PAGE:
Obesity and Your Dog

Obesity is on the rise in dogs. 40% of dogs are obese and that number is slowly climbing. Obesity is a very serious condition and is defined as weight more than 20% of the ideal body weight. Dogs usually become obese from a more sedentary lifestyle and receiving more calories than needed. There are a few diseases that can cause obesity in dogs, hypothyroidism and Cushing’s disease are two of those, so testing before going on an weight loss program is recommended. 

 
Obesity can lead to a wide variety of problems including:
  • Diabetes mellitus
  • Gastrointestinal problems
  • Increased cancer occurrence
  • Reduced liver function
  • High blood pressure
  • Skin problems
  • Arthritis
  • Higher incident of torn knee ligaments
 
       People think that spaying and neutering play a role in gaining weight. In a way it is true due to the lower release of hormone, but at the same time no, the more you feed your pet and less exercise, just like people, will gain weight. The biggest factor of weight gain is people food and treats. Your dog may be getting the proper amount of food but give them milk bones or people food three times a day or more, they will begin to get overweight.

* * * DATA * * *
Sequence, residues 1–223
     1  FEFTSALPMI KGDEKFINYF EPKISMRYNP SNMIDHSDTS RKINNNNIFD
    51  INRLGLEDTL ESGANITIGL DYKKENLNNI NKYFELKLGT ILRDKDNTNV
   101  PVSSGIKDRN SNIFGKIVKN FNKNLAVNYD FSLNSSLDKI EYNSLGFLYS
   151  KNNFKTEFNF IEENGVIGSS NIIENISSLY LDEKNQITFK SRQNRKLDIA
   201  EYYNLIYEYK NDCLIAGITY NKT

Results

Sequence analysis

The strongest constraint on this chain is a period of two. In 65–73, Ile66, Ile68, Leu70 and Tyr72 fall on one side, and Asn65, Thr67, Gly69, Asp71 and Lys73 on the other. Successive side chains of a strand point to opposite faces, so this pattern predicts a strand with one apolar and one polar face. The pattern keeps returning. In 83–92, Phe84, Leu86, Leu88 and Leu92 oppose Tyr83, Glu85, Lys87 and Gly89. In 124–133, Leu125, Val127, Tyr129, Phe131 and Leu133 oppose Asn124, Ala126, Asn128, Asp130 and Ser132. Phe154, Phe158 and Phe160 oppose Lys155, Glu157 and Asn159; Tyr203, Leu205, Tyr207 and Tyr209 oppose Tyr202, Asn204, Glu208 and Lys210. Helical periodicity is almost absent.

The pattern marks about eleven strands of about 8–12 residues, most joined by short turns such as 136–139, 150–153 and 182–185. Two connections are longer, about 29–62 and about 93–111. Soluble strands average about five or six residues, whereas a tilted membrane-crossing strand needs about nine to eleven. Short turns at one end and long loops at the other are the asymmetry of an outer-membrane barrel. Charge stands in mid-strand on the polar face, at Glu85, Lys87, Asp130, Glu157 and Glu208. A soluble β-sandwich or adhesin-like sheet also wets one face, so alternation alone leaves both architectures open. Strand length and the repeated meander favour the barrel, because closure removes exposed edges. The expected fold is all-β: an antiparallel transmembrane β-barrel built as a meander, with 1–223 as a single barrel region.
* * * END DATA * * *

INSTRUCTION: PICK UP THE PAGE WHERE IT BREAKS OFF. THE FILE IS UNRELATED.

There are some great prescription foods to help your dog lose weight. Be very cautious of “Lite”, “light” or “low calorie” commercial foods as this can just be a marketing advertisement and they can actually be a higher fat content.
 
       With your pet we can design the appropriate weight loss program with the correct amount to feed. The feedings should be in at least three meals a day, but if that is unfeasible than twice a day is all right. Your dog should have fresh water available to them throughout the day as normal. While on the weight loss program, treats and table scraps are a big no no. If you need to give treats there are low calorie treat or carrots are a good low calorie snack that most dogs love. All dogs should be walked for at least fifteen to thirty-minutes everyday if possible twice a day. Playing fetch in a large area is also a good example of exercise.
 
       While one the weight loss program your pet needs to come in every one to three weeks (depending on the animals) to come in for to be weighed. The animal should be weighed at the same time each weigh in for consistency. We can make a weight chart to see your animal’s progress. A 15-20% reduction in body weight is a good starting point, dogs are a bit easier than cats to calculate an ideal body weight.
 

       Once your animal has reached its weight loss goal, you can then go from a reducing diet to a maintenance diet so your animal does not lose too much weight. Once the ideal weight is reached, at least for the first year afterwards regularly weigh ins are necessary to ensure your pet is not re-gaining weight.